By Jonathan Drysdale, Publicreative.com
For the purpose of this article, social games are games that are enhanced by online social interaction and use platforms of the social web to propagate.
Mechanic, theme and genre?
The dominant social games in the past two years have tended to use similar mechanics - time return, visiting neighbours, decoration and personalisation and applied them to certain themes - farm, pet, fish, business and city building.
But in many ways these sorts of games should be avoided due to this space being extremely competitive and dominated by the likes of Zygna and Playfish/EA. Also social gaming has moved beyond the traditionally-held view that players only want simple games that are played for a few minutes at a time, to also include sport, strategy and shooting games that share more with traditional games in terms of mechanics.
Make the viral features social
A criticism often made of big mass-market social games is that they are not actually particularly social, in the sense that the degree to which you are actually “playing with” friends is limited.
This presents an opportunity to stand-out, and as such the ultimate aim must be to create a viral mechanic that is genuinely social. Then the game spreads and the players’ experiences are enhanced at the same time. Coming up with such a hook is of course the metaphorical $64,000 question, but in an increasingly competitive market it’s these hooks which help a new game to succeed.
Be prepared to advertise or partner
Last year Facebook made a number of changes to their policy meaning it’s now harder to acquire players through viral channels like notifications. And as competition increases, you should be pragmatic and prepared to spend money on advertising, or partner with a company with a large advertising inventory. In a perfect world the viral/social mechanics would be enough to drive the games usage, but it’s unrealistic to plan for this alone.
Consider multi-platform game play
A key point is reach, and a way to achieve this is to develop across multiple platforms. This increases the chance of capturing a player in the first place and has potential to increase player gaming experience by allowing them to play in a more flexible way.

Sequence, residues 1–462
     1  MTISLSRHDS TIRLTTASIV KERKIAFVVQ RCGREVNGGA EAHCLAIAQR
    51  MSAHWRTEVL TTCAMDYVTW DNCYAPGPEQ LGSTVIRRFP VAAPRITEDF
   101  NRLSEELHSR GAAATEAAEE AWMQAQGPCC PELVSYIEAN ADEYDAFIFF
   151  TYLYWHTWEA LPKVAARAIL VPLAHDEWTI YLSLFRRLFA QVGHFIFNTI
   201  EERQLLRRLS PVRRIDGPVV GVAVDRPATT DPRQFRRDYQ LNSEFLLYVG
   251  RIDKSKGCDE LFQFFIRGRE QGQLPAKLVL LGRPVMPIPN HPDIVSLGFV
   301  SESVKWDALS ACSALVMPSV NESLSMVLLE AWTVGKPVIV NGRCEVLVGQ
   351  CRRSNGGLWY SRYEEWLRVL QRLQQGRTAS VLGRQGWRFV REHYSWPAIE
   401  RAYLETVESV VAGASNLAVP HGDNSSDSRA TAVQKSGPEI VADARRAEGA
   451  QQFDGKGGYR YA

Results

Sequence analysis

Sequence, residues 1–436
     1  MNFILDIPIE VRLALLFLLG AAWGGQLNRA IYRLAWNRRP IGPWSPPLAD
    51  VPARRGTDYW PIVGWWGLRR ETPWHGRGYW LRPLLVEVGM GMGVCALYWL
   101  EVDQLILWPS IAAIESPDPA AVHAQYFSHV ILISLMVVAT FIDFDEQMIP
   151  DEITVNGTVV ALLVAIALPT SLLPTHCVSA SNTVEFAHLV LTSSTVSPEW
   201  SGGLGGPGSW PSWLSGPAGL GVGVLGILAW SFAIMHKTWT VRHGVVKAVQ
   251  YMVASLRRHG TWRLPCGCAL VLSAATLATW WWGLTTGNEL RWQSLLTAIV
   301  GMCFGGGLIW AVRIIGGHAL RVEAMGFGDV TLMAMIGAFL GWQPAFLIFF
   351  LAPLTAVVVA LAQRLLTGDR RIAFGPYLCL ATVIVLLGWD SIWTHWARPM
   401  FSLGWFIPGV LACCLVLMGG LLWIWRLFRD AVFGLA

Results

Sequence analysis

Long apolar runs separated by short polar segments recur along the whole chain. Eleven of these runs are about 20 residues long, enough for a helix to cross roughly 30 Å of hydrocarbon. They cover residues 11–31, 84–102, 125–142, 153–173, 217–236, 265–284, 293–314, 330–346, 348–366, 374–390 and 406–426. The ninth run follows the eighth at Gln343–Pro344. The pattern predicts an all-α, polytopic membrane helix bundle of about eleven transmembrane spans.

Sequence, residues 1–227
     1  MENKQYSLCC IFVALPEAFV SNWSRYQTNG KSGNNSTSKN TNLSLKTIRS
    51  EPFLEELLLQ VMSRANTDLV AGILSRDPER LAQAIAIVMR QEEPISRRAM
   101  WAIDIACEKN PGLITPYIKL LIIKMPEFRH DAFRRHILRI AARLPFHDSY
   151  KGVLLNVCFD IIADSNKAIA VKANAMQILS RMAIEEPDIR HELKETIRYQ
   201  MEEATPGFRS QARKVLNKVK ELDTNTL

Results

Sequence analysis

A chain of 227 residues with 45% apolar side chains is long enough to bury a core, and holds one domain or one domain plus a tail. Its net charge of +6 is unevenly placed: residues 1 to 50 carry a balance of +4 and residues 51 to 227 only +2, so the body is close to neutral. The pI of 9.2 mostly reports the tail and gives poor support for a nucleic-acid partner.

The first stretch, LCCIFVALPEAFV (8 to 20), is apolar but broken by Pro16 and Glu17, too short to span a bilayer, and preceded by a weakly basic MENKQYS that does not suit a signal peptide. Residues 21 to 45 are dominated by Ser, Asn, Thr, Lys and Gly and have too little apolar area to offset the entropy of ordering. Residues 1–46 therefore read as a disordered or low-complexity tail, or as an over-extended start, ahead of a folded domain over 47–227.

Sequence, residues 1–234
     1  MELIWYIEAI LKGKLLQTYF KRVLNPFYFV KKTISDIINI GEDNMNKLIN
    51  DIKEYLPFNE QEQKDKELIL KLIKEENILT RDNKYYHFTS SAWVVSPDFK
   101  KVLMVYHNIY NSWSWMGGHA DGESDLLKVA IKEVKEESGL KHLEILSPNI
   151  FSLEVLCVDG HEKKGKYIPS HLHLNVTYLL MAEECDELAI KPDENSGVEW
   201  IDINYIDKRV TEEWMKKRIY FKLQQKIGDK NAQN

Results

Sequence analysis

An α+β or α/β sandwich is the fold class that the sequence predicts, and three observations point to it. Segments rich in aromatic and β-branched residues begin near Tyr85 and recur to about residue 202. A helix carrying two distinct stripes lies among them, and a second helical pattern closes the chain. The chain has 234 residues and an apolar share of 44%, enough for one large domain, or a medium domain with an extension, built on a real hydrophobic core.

This is already happening - you can play the Farmville on Facebook, or outside Facebook on the web or an iDevice. Although developing games for multiple platforms is expensive, technologies like Unity and Titanium are allowing development of one code base then deployed to multiple platforms (not forgetting future potential of HTML5).
Measure success and monetisation
If in-game monetisation is suitable (not the case for all games) there are a few well-trodden paths to explore. The selling of virtual goods, or in-game advertising are probably the most common. Less common options include charging the user to play in a credit system, or selling real items through the game. An example includes Charles Chocolates selling real chocolates through PlayFirst’s Chocolatier game.
Whatever the goals, player interaction within a game and monetisation are potentially trackable, so metrics like number of installs, plays, returning players, drop-off points, revenue per user, player spend within a game, and so on, can all be measured and carefully followed in relation to ongoing updates to the game.
Integrate with a broader marketing strategy
Clearly a social game shouldn’t be created in isolation from the broader marketing campaign, and should be planned from the beginning with all other elements of that campaign.
Cross-promotion between channels should be considered but it isn’t suitable for all games and campaigns. Any cross-over that moves into the game play must make sense and can’t be at the cost of game play otherwise there is a risk of alienating players. Rewarding players ‘out-of-game activity’ with exclusive branded functional content can be successful, as it can add realism and functional player benefit to the game.
An important aspect is not to view the launch as the end. It is very unlikely you’ll hit upon the perfect mix of design, gameplay and social mechanics with the first iteration. Post-launch, analyse usage and tweak the game to improve the key metrics that you’ve set.
If you use Facebook as the platform, be aware of Facebook’s terms of service at launch and be prepared to react quickly to future changes to the terms of service. What’s considered best practice now could be banned tomorrow.
Social gaming is growing rapidly and presents opportunities to engage with large quantities of users, but don’t under-estimate how competitive and time-consuming it is to create, promote and support a game. Be cautious, but don’t be afraid. The most successful game, viral and monetisation mechanics for 2011 probably haven’t been created yet, meaning there is opportunity for the right new game to find success.
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